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Nero

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Nero Claudius Caesar, originally Lucius Domitius Ahenobarbus (37-68)

Son of Domitius Enobarbus and of Agrippina Minor, who, after having married Claudius, managed to have the young Nero adopted by him, ensuring his succession as emperor (54). Finely educated, in the first years of his reign Nero was closely controlled by his mother, by his tutor Seneca and by the Praefectum Pretorii Afranius Burrus. Later his despotic and authoritarian character surfaced and his dictatorial tendencies prevailed, supported by the plebe, who adored him because of his liberality.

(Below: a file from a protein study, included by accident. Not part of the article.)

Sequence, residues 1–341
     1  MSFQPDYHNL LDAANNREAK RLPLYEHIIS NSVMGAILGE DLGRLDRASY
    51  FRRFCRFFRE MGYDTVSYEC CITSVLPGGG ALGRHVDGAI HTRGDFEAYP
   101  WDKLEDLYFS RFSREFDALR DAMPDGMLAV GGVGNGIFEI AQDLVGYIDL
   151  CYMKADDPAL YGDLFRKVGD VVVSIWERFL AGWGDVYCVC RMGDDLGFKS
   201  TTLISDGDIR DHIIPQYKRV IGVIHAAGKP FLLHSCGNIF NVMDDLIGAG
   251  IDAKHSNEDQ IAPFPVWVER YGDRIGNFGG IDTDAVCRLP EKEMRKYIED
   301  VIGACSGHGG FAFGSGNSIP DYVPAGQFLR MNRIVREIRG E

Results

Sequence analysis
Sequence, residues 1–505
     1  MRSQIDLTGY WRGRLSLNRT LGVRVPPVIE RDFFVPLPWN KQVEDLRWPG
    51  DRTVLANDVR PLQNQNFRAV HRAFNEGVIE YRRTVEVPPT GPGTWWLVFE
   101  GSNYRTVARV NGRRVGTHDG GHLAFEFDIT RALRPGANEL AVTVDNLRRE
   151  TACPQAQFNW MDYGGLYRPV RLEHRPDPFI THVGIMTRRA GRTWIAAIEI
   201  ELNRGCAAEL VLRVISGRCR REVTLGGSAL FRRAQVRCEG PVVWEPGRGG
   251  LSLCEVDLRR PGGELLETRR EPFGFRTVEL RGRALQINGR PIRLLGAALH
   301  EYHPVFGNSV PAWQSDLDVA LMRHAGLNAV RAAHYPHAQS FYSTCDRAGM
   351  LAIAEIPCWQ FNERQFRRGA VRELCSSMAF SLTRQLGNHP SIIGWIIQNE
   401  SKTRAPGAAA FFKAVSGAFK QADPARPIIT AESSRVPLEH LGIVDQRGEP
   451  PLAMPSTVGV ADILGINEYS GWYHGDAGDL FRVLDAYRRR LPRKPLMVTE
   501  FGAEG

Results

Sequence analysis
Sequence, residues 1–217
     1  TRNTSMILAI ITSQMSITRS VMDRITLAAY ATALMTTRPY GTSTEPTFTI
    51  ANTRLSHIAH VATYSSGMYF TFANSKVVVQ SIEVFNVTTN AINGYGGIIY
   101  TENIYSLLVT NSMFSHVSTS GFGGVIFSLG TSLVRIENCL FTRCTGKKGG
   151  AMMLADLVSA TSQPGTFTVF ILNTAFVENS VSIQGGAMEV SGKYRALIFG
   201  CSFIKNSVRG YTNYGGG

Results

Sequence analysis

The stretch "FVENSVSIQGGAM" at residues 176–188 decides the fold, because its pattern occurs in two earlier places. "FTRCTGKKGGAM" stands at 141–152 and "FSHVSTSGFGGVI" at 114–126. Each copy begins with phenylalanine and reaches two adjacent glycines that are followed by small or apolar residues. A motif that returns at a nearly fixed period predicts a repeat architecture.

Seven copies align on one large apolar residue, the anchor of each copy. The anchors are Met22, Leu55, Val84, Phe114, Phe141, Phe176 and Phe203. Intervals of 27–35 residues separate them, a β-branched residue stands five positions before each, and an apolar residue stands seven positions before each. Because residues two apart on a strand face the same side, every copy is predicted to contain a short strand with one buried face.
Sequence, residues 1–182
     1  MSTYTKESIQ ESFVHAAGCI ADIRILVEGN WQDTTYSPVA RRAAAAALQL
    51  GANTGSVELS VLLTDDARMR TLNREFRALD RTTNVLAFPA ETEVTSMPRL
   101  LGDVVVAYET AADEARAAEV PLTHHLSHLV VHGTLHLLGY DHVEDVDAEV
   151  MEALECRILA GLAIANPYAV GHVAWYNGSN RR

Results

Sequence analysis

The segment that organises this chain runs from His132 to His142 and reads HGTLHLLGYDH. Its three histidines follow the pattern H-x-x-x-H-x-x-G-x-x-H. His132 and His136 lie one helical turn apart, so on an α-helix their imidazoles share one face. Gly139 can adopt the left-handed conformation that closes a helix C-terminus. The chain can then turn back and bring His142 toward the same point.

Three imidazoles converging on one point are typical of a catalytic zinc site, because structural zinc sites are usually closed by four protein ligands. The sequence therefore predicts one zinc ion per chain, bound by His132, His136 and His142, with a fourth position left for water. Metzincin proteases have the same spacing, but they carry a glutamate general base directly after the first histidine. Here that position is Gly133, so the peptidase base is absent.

Nero got rid of his brother Britannicus in 55, of his mother in 59, of his first wife Octavia (later on he married Poppea and Messalina), of Burrus in 62. After Rome’s fire in 64, he rebuilt the city and his own mansion, the Domus Aurea. When he was accused of having caused the fire, he retorted the blame on the Christians and persecuted them. Hated by the Senators, in 65 Nero ferociously repressed a conspiracy to kill him, organized by Lucius Calpurnius Piso and other prominent citizens. Seneca and the poet Lucanus died in the ferocious repression, among many others. A war campaign against the Parthians - led by Gneus Domitius Corbulo - regained Rome’s control over Armenia; his popularity had by now reached a peak. In Corinth, Nero solemnly proclaimed Greece's liberty, granting fiscal immunities to many cities and showing his favour for the eastern provinces of the empire. Revolts in Judea, Gallia, Africa and Spain - where Galba was crowned emperor by the Senate and by the Praetorians - caused his downfall. When Nero realized that everything was lost, he ordered a slave to kill him.